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  43.  22
    Situating Depression Memoirs' Effects Deeper Inside Our Biology and Further Outward Within Circuits of Culture: Exploring the Roles of Antidepressants and Pharmaceutical Marketing.Ginger A. Hoffman & Jennifer L. Hansen - 2017 - Philosophy, Psychiatry, and Psychology 24 (4):307-312.
    A primary intention of our original manuscript was to provide examples of both harmful and helpful influences of one cultural artifact—depression memoirs—on who female readers take their selves to be, and who they may actually end up being. Bradley Lewis beautifully articulated our strategy as “chart[ing] out … conflicting vectors” : that is, delineating select examples of how certain outer narratives conveyed in depression memoirs may kindle sexist and sanist modes of being. Our hope was that making these vectors explicit (...)
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  44.  31
    The Self‐Disrespect Objection to Bioenhancement Technologies: A Feminist Analysis of the Complex Relationship Between Enhancement and Self‐Respect.Ginger A. Hoffman - 2014 - Journal of Social Philosophy 45 (4):498-521.
  45.  13
    Feeling the Pain of Others is Associated with Self-Other Confusion and Prior Pain Experience.Stuart W. G. Derbyshire, Jody Osborn & Steven Brown - 2013 - Frontiers in Human Neuroscience 7.
  46. Irenaeus of Lyons.Eric Osborn - 2001 - Cambridge University Press.
    Eric Osborn's book presents a major study of Irenaeus, bishop of Lyons, who attacked Gnostic theosophy with positive ideas as well as negative critiques. Irenaeus's combination of argument and imagery, logic and aesthetic, was directed to the bible. Dominated by a Socratic love of truth and a classical love of beauty, he was a founder of Western humanism. Erasmus, who edited the first printed edition of Irenaeus, praised him for his freshness and vigour. He is today valued for his (...)
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  47.  23
    Rousseau and Burke.George H. Sabine & Annie Marion Osborn - 1941 - Philosophical Review 50 (5):538.
  48. Humanism and the Death of God: Searching for the Good After Darwin, Marx, and Nietzsche.Ronald E. Osborn - 2017 - Oxford University Press UK.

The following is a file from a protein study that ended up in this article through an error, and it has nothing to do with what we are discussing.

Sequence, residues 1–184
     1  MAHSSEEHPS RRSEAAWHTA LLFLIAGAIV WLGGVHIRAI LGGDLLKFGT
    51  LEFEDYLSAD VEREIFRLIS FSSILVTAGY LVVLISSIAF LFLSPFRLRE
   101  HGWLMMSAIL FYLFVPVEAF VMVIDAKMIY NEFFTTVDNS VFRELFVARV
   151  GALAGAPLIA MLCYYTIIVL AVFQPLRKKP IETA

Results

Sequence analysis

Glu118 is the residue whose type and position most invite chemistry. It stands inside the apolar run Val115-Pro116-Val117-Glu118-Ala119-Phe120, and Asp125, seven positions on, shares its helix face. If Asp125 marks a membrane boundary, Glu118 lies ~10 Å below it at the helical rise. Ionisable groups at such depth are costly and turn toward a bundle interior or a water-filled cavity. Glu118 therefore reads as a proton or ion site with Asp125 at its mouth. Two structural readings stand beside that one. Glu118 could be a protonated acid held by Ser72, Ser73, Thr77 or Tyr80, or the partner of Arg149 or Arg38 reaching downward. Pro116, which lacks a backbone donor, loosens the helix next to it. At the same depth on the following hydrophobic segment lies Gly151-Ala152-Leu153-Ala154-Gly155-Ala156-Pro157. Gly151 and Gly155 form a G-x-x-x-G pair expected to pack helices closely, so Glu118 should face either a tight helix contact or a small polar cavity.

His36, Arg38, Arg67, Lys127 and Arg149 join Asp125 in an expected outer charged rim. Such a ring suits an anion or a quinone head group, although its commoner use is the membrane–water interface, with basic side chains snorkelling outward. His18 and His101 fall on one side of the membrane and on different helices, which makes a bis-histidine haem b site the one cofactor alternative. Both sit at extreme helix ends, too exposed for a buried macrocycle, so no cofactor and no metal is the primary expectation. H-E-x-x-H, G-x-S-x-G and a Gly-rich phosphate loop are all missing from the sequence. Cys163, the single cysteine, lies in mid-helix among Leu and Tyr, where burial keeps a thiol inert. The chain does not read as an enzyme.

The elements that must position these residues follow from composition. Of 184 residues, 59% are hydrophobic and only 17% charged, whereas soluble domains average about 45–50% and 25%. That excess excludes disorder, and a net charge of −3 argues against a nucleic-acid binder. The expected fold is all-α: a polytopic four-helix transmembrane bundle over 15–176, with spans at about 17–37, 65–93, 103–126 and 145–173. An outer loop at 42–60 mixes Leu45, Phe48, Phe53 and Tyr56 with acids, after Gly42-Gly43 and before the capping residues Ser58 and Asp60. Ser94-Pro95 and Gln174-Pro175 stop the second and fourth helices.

Humanism and the Death of God is a critical exploration of secular humanism and its discontents. Through close readings of three exemplary nineteenth-century philosophical naturalists or materialists, who perhaps more than anyone set the stage for our contemporary quandaries when it comes to questions of human nature and moral obligation, Ronald E. Osborn argues that "the death of God" ultimately tends toward the death of liberal understandings of the human as well. Any fully persuasive defense of humanistic values--including the (...)
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  49.  18
    Dreaming of Fred and Ginger: Cinema and Cultural Memory.Annette Kuhn - 2002 - New York University Press.
    "The main spine of this book stems from a comprehensive series of interviews with subjects recalling their experiences of 1930s cinemagoing. Your feel the breath of life in these spectators, a rarity in film studies, thanks to the painstaking work contracting the interview subjects and recording and tabulating their testimony."- JUMPCUT In the 1930s, Britain had the highest annual per capita cinema attendance in the world, far surpassing ballroom dancing as the nation's favorite pastime. It was, as historian A.J.P. Taylor (...)
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  50.  6
    The Philosophy of Edmund Husserl: In its Development From His Mathematical Interests to His First Conception of Phenomenology in "Logical Investigations.".M. A. G. & Andrew D. Osborn - 1935 - Journal of Philosophy 32 (8):218.